How New Windows Can Save You on Your Electricity Bill

The costs associated with heating and cooling your home make a significant dent in your hydro bill. But did you know that exterior doors and windows are a prime culprit when it comes to high energy bills? When the air you’re heating or cooling escapes through windows and doors that are in poor condition, you’re essentially tossing your hard earned dollars out the window too.

One solution is to retrofit with new windows. Taking this route allows you to better preserve a comfortable temperature within your home while also saving money. As a bonus, retrofitting also improves the appearance of your property, which increases the property’s resale value.

So how do new windows decrease your hydro bills? First, choosing windows with a high energy rating (ER) provides your space with the proper air flow, air tightness and solar gain. New window materials allow you to take advantage of options such as double or triple panes, low-emissivity coatings and insulating spacers, all of which minimize air loss and condensation issues and improve energy performance. New frame materials similarly affect the insulating effectiveness of your windows, along with protecting the longevity of windows that you do install.

When your windows have condensation, that’s an indication that the energy efficiency of your windows has been compromised.  Condensation is due to humidity levels, and if your windows have a poor seal, then the moisture levels in the air exceed what the air is capable of holding.  Condensation is the result. Not only does condensation indicate that the humidity levels in your space are too high, it also means that your HVAC unit has to work much harder. Ensuring that your windows include a properly sealed glazing unit prevents humidity from developing.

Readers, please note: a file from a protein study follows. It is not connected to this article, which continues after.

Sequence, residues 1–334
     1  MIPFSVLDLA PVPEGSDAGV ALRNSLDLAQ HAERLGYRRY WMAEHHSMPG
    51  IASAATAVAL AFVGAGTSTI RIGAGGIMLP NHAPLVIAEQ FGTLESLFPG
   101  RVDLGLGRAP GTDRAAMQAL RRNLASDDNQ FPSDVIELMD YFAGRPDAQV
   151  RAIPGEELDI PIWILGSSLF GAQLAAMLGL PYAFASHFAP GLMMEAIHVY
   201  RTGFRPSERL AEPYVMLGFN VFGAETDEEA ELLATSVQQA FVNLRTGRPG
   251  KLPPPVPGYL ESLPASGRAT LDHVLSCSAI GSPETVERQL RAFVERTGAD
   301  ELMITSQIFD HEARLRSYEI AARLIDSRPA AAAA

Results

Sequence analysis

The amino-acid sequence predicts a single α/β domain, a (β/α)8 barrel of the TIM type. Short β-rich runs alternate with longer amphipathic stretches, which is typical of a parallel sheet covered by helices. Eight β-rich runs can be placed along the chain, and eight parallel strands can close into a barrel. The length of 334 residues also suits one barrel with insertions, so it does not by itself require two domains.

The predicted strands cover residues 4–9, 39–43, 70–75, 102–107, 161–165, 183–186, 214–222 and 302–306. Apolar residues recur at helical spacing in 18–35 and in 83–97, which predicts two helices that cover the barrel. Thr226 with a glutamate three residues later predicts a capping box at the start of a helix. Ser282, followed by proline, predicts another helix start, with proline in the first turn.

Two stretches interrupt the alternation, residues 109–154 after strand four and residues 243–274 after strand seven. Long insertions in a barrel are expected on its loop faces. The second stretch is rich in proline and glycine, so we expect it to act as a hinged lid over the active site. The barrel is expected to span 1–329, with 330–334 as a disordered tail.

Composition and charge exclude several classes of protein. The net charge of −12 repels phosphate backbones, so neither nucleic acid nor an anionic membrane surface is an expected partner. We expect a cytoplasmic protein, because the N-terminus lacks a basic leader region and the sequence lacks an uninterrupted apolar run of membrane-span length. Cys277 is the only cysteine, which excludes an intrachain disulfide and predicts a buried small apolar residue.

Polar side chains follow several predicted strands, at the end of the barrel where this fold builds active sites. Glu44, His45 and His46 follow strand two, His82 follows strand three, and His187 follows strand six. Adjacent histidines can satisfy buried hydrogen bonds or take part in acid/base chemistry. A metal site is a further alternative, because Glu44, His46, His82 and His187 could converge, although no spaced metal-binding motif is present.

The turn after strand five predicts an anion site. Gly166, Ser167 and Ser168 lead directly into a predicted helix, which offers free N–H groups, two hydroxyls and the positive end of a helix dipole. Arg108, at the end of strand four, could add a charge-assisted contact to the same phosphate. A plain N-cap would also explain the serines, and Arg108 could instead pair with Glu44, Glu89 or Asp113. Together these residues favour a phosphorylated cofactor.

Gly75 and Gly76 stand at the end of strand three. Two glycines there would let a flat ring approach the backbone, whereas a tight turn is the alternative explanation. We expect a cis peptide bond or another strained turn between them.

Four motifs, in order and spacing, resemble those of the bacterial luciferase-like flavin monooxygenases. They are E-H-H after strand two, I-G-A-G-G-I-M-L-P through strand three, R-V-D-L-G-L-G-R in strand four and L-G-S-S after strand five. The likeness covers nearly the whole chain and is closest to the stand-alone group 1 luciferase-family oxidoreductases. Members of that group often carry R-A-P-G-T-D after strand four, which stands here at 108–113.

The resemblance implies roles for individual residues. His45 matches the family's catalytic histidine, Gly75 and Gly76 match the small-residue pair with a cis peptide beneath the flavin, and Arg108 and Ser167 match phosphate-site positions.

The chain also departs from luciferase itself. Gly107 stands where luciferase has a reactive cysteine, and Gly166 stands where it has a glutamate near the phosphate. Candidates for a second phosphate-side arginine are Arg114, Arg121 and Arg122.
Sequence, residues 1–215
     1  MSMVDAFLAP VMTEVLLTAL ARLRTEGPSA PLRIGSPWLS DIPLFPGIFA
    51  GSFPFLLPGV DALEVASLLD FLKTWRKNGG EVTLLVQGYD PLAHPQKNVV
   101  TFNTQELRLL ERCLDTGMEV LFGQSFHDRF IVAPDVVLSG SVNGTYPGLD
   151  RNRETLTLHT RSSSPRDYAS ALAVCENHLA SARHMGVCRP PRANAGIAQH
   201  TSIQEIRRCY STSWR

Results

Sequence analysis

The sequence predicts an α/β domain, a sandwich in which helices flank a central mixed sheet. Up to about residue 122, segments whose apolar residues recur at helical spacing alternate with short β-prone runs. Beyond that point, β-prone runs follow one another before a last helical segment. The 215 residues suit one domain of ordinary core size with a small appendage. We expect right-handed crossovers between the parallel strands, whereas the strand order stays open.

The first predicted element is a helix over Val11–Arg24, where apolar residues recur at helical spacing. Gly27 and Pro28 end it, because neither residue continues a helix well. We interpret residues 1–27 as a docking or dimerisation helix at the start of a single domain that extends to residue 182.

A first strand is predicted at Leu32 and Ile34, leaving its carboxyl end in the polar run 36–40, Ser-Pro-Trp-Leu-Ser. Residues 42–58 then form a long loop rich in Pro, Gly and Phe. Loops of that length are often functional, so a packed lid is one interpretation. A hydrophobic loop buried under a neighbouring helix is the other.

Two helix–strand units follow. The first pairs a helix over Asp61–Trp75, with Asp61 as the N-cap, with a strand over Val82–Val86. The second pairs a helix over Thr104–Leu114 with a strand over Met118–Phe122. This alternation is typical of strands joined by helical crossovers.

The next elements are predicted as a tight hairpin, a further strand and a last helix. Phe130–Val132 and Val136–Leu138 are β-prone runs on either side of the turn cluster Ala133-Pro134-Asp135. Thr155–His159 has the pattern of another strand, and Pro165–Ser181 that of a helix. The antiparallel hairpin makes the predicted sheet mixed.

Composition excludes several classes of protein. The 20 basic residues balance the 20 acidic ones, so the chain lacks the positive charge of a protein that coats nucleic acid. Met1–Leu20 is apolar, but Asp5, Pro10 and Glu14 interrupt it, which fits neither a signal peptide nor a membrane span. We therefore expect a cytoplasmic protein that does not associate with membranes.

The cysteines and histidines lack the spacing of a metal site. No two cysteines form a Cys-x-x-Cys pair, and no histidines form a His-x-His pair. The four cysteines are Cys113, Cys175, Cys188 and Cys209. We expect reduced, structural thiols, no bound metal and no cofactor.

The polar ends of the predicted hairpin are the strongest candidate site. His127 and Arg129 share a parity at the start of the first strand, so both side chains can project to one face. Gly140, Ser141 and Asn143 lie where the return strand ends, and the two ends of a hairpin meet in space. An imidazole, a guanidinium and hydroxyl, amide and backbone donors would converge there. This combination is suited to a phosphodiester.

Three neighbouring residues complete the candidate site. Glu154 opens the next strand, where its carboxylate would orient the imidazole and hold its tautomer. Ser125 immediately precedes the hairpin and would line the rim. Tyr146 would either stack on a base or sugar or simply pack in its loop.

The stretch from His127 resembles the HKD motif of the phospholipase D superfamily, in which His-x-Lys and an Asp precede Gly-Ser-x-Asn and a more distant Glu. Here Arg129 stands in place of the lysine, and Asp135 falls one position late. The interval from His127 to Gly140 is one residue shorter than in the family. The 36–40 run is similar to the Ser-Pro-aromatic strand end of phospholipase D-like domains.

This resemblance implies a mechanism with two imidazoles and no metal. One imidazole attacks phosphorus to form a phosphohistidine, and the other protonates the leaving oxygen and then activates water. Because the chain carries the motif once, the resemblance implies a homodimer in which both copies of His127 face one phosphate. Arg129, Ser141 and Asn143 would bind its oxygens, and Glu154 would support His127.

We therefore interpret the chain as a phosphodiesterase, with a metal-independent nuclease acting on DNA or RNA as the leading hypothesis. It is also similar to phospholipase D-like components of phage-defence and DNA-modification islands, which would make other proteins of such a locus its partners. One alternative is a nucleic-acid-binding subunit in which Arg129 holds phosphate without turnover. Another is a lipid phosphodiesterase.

Selecting the right combination of glazing, coating,  spacer bars and frames gives you optimal, energy-efficient air flow. Let’s look at each of these components a bit more closely:


To minimize heat/cold air loss, windows that are triple glazed are ideal. This glazing option is preferred because the space between each layer of glazing helps trap the air, keeping it inside your home.

Low emissivity coating (e-coating)

Selecting double pane windows with a low-emissivity coating promotes energy efficiency. Low e-coating is a coating that is exceptionally thin (microscopic, in fact) metallic layer applied to regular glass. This almost transparent coating dramatically improves the pane’s energy performance by controlling the amount of heat and light that passes through the window; the coating reflects long-wave infrared energy (or heat) so that when interior heat energy tries to escape during the winter or exterior heat tries to enter during the summer, the reflects the heat back to the inside or outside, respectively.

E-coating is either hard coat (pyrolytic) or soft coat (sputtered). Hard coat e-coating is preferred for extreme climates since it allows some of the sun’s short-wave infrared energy to pass through to help heat the building during the winter and cool the building during summer. Sputtered e-coating provides enhanced solar and thermal performance, which is better suited to temperate climates.

When selecting an e-coating, choose the one that provides good performance in all of the property’s windows, as opposed to trying to customise the e-coating for each window based on the given room’s sun exposure.

Spacer bars

Older windows have traditionally had glazing layers separated by hollow metal spacer bars. Spacer bars made from such material, however, produce high thermal conductivity, which contributes to condensation issues. Spacer bars in new windows feature low thermal conductivity materials such as silicone foam or stainless steel to address this issue.


Replacement frames are available in a variety of materials. To maximize energy efficiency, select material that provides good insulation, such as wood, fiber glass or polyvinyl chloride (PVC). Wood frames typically feature aluminium or vinyl on the exterior to promote durability. Wood can, however, be prone to warping and rotting. Both fiberglass and PVC frames are not prone to these issues, can be painted to achieve custom colors and are also maintenance-free.

With so many new, improved materials that promote cost savings on energy bills, retrofitting your property is one easy way to achieve a greener, energy efficient home.

About the Author: Martin French

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